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Rook & Raven Presents: She Came to Stay

  • Rook & Raven
June 9, 2015

She Came to Stay is a famous novel by Simone de Beauvoir, the French writer, intellectual, existentialist philosopher, political activist and feminist. She Came to Stay is also the name of the group exhibition at Rook & Raven, that will include the work of Paula Rego DBE, Eileen Cooper RA, Marie Jacotey, Lucy Farley and Annie Kevans. In line with the novel, this group exhibition explores many existentialist concepts such as freedom, angst and others. These ideas of identity and self and the human condition are ever present in the works portrayed by the artists featured, although they are not inherently connected with existentialist ideas. She Came to Stay brings together amazing female artists, while the exhibition itself can be described as cross-generational, having in mind that several generations are represented by participating artists.

Rook & Raven
Left: Marie Jacotey – Dirty lies here I come, 2014 / Right: Lucy Farley – She Came To Stay, 2015

She Came to Stay: About Freedom and Existence

She Came to Stay group exhibition at Rook & Raven is primarily focused on paintings as medium, figurative or abstract paintings to be more precise, that are driven by autobiographical themes. One of the aims of the exhibition is to show how both female writers and painters have similar concerns (be sure to check out our list of 10 Women in Contemporary Art). Both female painters and writers are questioning the perception of the human condition – concerns, which are all still relevant to today’s society (check out our article about feminist art movement). Simone de Beauvoir is still relevant, right? Therefore, an inherent interest lies in assessing what has happened during that time lapse between females working back in the past and females working from autobiographical sources now. And this is what participating artists are questioning in the selected works for this exhibition. Paula Rego’s work in general is often dealing with these subjects. This famous Portuguese painter is well known for her paintings and prints based on storybooks, but her works usually reflect feminism. Her work always has a sense of magical realism; quirky contemporary mythologies pointing to an underlying psychology and sexuality, through a feminine view-point.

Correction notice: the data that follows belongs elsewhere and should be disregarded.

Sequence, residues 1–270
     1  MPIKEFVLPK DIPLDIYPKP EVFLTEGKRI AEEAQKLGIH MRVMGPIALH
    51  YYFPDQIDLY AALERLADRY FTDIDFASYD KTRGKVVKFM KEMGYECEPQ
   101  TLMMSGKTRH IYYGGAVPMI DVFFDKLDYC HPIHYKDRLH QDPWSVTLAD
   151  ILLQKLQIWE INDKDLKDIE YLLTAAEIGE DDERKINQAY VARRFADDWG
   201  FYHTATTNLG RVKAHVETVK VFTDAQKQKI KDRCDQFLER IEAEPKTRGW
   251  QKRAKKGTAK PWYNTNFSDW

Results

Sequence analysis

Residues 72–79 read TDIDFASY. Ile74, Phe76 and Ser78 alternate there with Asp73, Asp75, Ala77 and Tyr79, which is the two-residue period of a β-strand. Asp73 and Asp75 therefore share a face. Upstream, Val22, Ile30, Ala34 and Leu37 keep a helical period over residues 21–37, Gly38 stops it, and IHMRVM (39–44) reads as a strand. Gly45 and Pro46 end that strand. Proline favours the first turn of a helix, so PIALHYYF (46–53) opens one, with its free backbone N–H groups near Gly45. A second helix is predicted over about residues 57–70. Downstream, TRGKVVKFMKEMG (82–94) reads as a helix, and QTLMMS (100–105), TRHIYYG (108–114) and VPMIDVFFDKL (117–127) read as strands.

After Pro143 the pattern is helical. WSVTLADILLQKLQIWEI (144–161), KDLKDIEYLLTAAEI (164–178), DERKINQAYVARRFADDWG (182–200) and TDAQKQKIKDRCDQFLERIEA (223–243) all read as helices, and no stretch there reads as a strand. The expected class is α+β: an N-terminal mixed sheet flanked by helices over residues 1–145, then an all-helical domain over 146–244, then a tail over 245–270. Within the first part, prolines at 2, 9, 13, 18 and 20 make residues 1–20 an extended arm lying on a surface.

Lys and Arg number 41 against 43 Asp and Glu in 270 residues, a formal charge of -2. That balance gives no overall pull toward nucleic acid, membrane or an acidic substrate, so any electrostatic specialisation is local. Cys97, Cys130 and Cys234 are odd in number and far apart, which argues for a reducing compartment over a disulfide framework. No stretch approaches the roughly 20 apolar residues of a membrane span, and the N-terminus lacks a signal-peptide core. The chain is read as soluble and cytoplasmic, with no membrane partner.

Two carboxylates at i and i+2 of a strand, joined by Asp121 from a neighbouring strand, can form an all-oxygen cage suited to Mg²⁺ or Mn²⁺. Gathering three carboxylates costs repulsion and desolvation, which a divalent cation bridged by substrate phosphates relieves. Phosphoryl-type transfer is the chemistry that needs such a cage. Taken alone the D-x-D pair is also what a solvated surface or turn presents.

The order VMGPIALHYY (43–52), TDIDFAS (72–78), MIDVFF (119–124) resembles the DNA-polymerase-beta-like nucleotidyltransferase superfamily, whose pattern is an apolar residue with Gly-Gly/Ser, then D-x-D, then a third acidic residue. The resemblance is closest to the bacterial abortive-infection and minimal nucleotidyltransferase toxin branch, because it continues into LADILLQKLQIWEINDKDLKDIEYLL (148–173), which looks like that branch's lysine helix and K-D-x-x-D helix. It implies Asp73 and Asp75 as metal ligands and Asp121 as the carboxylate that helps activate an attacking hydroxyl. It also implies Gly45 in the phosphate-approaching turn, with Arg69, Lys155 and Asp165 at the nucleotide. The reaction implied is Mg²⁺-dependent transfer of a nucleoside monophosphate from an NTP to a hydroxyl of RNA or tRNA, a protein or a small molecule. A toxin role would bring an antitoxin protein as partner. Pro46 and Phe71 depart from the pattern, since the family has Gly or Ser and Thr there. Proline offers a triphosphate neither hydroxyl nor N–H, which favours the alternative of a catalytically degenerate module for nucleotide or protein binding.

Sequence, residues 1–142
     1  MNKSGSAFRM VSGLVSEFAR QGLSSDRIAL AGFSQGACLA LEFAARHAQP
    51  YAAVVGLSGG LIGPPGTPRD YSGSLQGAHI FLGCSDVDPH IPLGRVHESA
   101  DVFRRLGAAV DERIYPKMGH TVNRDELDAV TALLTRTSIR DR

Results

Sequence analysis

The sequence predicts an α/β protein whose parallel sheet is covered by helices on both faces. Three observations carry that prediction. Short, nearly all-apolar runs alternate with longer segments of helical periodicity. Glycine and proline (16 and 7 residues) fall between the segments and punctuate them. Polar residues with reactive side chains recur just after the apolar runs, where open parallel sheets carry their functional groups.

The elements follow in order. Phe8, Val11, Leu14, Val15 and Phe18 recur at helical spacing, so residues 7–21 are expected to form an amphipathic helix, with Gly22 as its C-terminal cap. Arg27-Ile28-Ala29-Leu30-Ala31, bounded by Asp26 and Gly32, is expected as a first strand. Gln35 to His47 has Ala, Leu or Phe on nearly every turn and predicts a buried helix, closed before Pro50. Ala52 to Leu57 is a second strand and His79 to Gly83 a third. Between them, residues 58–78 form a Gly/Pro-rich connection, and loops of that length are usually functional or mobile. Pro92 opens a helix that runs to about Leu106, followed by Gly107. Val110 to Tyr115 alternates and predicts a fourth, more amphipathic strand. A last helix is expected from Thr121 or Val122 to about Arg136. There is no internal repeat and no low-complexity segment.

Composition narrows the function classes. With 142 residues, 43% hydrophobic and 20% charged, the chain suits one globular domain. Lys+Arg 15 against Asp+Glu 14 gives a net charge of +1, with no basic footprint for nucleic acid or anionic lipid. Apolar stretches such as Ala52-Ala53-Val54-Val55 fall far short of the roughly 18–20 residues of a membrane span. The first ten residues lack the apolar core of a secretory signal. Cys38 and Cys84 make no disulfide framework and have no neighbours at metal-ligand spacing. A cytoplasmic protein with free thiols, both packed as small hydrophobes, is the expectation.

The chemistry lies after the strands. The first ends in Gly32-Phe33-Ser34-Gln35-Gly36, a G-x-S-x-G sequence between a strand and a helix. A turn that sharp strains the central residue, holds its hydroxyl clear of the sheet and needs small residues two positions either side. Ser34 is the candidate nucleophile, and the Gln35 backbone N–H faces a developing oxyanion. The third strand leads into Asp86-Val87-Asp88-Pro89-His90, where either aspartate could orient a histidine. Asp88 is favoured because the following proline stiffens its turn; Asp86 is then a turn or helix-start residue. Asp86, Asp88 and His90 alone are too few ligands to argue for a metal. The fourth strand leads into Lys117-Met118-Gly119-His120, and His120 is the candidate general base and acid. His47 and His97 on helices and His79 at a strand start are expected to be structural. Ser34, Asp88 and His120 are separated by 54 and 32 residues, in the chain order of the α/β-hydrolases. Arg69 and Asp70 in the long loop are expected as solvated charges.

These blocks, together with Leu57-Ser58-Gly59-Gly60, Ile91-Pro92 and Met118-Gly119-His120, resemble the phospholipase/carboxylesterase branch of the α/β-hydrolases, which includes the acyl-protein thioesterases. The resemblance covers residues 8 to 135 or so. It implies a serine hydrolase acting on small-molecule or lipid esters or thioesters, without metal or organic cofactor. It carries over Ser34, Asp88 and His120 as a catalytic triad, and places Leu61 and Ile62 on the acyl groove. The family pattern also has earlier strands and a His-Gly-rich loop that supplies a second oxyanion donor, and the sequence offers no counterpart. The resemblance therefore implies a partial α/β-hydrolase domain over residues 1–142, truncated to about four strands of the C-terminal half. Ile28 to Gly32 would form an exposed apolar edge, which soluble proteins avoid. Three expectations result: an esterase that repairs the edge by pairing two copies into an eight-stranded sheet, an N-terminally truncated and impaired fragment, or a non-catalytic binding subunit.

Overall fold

Rook & Raven
Left: Elieen Cooper – Mystery Girl, 2013 / Right: Elieen Cooper – Swan, 2013

She Came to Stay: Participating Artists

Apart from Paula Rego, four more amazing artists are participating in She Came to Stay group exhibition at Rook & Raven. Eileen Cooper RA, whose work is usually labeled as magic realism, brings an unapologetically female perspective to her subject matter, which encompasses sexuality, motherhood, life and death (if you are interested in relationship between feminism and art, take a look at the work by Cindy Sherman). Annie Kevans’ naively rendered, pastel-colored paintings are dealing with unpleasant truths about contemporary society, in very profound way. Younger generation in this exhibition is represented by the amazing Lucy Farley who examines humans’ need for possession of space that usually leads towards disputes between individuals and/or groups. Finally, Marie Jacotey explores young-adult relationships, and offers a critique in how we view, perceive and store images in the post-internet age.

Rook & Raven
Left: Annie Kevans – Giulia Lama, 2014 / Right: Paula Rego DBE – Woman and Marabou, 1996

Rook & Raven Presents: She Came to Stay

Rook & Raven brings really amazing artists and works to the She Came to Stay group exhibition. And when it comes to the title and exhibition’s conceptuality, Simone de Beauvoir would be proud. To repeat once more: participating artists are Paula Rego DBE, Eileen Cooper RA, Marie Jacotey, Lucy Farley and Annie Kevans, and the show is curated by Aretha Campbell and Lucy Farley. She Came to Stay will be on view from June 25th until August 22nd, 2015, at Rook & Raven in London.

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Featured Image: Marie Jacoety – Badass day in the studio (detail)[courtesy of], 2014 All Images courtesy of Rook & Raven (except the featured image).